Demanufacturing Wal-Mart: Profiting From Prison Labor

FILE-In this Thursday, May 12, 2005, file photo, customers leave Wal-Mart as a machine pushes shopping carts back to the stor
FILE-In this Thursday, May 12, 2005, file photo, customers leave Wal-Mart as a machine pushes shopping carts back to the store in Cheektowaga, N.Y. Wal-Mart Stores stores will be phasing out selling's Kindle tablet and e-readers, the world's largest retailer said Thursday, Sept. 20, 2012. (AP Photo/David Duprey, File)

One thing you can say about Wal-Mart chain stores: at every link in the chain, someone is being exploited, from head to tail. The public knows next to nothing about the exploitation which takes place at the tail end of the business cycle -- something called "demanufacturing."

Every year, Wal-Mart has to dispose of millions of dollars worth of customer returns, buy-backs, over-stocks, shelf-pulls, scratch-and-dent, and excess inventories. The giant retailer sells this merchandise to liquidators, who scrub the products of any Wal-Mart serial numbers, UPC bar codes -- and then resell them to after-market retailers, who re-sell them to the public.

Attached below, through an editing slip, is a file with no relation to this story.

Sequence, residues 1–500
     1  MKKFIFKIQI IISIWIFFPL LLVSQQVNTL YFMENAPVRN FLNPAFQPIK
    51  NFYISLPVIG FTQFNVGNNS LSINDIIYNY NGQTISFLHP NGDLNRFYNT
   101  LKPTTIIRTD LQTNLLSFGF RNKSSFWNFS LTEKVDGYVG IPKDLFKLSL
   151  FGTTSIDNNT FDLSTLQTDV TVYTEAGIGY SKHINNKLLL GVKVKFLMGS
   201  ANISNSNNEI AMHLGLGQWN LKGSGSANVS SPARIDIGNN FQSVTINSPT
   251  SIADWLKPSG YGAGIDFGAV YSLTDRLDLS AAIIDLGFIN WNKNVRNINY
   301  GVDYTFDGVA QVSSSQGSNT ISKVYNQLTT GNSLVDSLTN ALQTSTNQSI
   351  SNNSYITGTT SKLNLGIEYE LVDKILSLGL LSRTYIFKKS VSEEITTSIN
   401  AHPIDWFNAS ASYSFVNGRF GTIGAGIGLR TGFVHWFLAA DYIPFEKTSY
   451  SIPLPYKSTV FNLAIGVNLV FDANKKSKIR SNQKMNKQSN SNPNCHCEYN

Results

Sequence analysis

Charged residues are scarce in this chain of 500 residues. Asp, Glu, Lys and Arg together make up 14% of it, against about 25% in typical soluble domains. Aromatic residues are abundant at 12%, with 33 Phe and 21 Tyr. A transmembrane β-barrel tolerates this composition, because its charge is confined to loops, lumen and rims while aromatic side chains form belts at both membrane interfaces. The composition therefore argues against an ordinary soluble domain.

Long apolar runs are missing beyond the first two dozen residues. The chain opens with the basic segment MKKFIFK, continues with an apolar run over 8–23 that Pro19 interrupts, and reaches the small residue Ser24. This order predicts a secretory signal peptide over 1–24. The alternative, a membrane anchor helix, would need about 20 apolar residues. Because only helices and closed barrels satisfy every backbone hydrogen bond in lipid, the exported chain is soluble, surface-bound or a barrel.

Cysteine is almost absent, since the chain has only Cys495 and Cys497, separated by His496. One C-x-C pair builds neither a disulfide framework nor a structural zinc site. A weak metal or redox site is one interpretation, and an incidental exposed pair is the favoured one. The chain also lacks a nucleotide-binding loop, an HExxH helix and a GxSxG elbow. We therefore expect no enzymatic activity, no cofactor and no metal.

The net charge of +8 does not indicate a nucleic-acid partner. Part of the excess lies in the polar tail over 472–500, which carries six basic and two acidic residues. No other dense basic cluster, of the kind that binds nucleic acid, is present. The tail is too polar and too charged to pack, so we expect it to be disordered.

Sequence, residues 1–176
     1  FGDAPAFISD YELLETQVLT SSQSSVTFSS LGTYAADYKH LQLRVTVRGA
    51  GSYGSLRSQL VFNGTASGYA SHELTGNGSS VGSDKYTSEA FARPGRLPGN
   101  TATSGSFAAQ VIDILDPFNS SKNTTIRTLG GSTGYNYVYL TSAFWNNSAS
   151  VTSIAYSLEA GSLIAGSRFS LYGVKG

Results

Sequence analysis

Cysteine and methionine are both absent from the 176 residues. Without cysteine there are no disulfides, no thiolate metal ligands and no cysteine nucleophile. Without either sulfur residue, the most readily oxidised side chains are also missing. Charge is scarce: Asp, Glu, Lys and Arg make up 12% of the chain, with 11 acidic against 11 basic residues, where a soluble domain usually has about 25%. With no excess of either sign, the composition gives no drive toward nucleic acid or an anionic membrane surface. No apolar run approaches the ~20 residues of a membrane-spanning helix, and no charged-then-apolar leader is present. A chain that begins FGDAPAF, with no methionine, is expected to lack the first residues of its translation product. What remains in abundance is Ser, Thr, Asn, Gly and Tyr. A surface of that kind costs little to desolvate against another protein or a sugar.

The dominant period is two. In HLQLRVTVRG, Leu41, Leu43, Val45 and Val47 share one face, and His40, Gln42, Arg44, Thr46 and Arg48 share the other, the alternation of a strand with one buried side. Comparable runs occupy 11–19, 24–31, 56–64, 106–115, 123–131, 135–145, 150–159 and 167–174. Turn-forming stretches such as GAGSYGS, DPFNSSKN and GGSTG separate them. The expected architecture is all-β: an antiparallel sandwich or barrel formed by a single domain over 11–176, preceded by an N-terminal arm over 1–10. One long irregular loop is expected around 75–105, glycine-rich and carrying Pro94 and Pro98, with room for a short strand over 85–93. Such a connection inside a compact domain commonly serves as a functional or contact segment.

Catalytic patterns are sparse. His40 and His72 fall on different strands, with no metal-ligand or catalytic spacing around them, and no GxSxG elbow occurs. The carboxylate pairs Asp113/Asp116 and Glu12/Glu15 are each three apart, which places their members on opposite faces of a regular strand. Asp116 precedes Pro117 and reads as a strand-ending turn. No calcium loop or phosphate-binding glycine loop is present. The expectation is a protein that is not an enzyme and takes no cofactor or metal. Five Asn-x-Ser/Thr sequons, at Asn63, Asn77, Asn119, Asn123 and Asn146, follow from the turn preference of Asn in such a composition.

The workers used to strip these Wal-Mart products clean are often prisoner laborers, under a program made possible by the federal government. In effect, the liquidators are partially subsidized by federal taxpayers, who provide the 'demanufacturing' facilities, and cheap, captive labor -- usually female prisoners. This form of corporate welfare allows salvage companies to offer Wal-Mart a low price for their cast-off products.

According to a confidential agreement between Wal-Mart and one of its major salvage buyers, the Jacob's Trading Company, "demanufacturing" means "to remove all of the identifying marks, including, but not limited to, manufacturer's or retailer's names, logos, serial numbers, UPC numbers, RA numbers, and other identifying marks... from the packaging, or to clearly and conspicuously mark the packaging so that it is readily apparent and obvious that the Merchandise has been through a salvage process. Contractor agrees to further demanufacture the Merchandise by making a vertical mark through the bar code of the Merchandise."